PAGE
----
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  • The shunted voltameter was then inserted in series with the electric supply mains leading to the house or building taking electric energy, and the current which passed dissolved the zinc from one plate and deposited it upon the other, so that after a certain interval of time had elapsed the altered weight of the plates enabled the quantity of electricity to be determined from the known fact that an electric current of one ampere, flowing for one hour, removes 1.2533 grammes of zinc from a solution of sulphate of zinc. Hence the quantity in amperehours passing through the electrolytic cell being known and the fraction of the whole quantity taken by the cell being known, the quantity supplied to the house was determined.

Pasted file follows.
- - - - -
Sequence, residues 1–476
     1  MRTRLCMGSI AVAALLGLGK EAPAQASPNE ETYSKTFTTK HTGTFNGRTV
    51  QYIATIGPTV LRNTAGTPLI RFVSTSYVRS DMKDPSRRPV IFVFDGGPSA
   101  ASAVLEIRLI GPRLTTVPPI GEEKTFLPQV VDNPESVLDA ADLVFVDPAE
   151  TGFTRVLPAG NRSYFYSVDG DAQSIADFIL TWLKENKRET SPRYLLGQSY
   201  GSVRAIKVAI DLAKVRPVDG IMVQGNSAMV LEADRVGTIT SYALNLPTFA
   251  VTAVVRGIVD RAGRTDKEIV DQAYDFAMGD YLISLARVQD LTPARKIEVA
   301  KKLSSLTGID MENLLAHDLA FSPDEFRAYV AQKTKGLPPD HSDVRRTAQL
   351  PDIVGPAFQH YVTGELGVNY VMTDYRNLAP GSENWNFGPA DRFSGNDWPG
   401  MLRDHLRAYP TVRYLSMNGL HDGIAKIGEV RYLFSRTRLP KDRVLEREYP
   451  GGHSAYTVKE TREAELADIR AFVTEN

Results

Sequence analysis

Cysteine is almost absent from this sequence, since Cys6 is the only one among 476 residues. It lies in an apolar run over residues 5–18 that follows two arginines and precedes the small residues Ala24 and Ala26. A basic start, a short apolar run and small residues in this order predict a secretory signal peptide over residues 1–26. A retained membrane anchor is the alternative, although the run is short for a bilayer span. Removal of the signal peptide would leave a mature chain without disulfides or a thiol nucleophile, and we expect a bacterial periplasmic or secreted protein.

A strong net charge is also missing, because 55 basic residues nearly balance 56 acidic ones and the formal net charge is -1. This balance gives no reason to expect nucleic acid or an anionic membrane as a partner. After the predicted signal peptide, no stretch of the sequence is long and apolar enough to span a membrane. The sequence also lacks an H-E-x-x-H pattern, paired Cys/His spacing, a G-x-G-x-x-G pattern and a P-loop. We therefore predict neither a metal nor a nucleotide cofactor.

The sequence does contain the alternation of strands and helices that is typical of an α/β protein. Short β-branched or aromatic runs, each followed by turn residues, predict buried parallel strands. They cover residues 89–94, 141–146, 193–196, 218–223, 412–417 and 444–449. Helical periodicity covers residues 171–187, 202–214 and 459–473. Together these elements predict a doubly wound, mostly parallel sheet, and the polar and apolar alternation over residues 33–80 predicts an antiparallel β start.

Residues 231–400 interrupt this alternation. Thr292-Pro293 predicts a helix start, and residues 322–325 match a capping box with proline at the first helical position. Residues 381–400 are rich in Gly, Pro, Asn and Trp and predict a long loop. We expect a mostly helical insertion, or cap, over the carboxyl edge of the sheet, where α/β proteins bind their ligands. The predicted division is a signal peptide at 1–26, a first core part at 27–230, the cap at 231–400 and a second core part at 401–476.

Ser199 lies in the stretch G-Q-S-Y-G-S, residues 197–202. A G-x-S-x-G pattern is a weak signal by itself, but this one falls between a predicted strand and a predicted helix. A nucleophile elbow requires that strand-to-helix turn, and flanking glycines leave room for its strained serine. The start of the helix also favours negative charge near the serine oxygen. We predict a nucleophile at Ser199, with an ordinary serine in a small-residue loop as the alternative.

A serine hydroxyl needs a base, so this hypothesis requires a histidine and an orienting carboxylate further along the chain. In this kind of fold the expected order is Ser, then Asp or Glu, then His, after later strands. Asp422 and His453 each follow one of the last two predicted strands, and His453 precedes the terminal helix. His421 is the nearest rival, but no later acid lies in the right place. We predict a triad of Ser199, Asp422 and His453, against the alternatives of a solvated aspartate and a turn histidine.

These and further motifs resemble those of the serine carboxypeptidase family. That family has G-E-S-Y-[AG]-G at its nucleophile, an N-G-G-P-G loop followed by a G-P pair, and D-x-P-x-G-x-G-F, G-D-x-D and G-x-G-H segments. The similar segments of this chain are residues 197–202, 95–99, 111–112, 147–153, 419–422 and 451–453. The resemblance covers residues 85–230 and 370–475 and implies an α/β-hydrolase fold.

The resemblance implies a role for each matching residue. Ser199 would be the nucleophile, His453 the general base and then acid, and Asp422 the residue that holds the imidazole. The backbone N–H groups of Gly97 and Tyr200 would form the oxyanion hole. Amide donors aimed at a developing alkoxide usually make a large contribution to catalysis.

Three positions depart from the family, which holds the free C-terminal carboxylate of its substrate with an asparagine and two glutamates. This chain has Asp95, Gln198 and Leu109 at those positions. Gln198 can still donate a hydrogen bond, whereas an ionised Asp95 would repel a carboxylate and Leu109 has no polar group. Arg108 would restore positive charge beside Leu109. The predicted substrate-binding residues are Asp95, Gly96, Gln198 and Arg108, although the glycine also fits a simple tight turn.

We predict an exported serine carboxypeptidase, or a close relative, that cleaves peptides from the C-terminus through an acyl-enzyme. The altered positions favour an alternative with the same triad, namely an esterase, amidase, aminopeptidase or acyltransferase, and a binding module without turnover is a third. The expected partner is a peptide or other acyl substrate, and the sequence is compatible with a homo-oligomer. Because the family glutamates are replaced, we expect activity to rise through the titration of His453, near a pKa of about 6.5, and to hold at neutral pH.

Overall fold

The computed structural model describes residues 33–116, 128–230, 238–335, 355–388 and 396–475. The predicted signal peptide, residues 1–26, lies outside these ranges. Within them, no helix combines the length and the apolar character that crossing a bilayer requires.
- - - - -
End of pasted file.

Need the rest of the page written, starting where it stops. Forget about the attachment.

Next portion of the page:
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  • The mass of mercury is thus set in motion owing to the tendency of a conductor conveying an electric current to move transversely across lines of magnetic force; it becomes in fact the armature of a simple form of dynamo, and rotates with a speed which increases with the strength of the current.
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  • True electric current arises solely from convection of the atomic charges or electrons; this current is therefore not restricted as to form in any way.
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  • A dielectric substance is electrically polarized by a field of electric force, the atomic poles being made up of the displaced positive and negative intrinsic charges in the atom: the polarization per unit volume (f',g',h') may be defined on the analogy of magnetism, and d/dt(f',g',h') thus constitutes true electric current of polarization, i.e.